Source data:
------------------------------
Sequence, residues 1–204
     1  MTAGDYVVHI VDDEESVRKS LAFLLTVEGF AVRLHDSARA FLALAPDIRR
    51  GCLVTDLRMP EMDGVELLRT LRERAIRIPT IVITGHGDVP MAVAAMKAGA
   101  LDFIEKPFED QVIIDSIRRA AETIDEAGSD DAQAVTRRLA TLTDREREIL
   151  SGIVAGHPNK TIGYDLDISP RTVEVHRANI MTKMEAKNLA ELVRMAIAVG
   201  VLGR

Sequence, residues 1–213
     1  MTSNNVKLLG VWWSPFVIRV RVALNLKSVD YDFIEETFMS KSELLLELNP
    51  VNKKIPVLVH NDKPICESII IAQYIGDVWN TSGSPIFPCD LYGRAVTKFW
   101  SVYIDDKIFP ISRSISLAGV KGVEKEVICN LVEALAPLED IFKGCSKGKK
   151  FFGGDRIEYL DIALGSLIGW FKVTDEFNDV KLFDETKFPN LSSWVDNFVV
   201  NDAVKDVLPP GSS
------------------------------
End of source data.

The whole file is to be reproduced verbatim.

Sequence, residues 1–204
     1  MTAGDYVVHI VDDEESVRKS LAFLLTVEGF AVRLHDSARA FLALAPDIRR
    51  GCLVTDLRMP EMDGVELLRT LRERAIRIPT IVITGHGDVP MAVAAMKAGA
   101  LDFIEKPFED QVIIDSIRRA AETIDEAGSD DAQAVTRRLA TLTDREREIL
   151  SGIVAGHPNK TIGYDLDISP RTVEVHRANI MTKMEAKNLA ELVRMAIAVG
   201  VLGR

Sequence, residues 1–213
     1  MTSNNVKLLG VWWSPFVIRV RVALNLKSVD YDFIEETFMS KSELLLELNP
    51  VNKKIPVLVH NDKPICESII IAQYIGDVWN TSGSPIFPCD LYGRAVTKFW
   101  SVYIDDKIFP ISRSISLAGV KGVEKEVICN LVEALAPLED IFKGCSKGKK
   151  FFGGDRIEYL DIALGSLIGW FKVTDEFNDV KLFDETKFPN LSSWVDNFVV
   201  NDAVKDVLPP GSS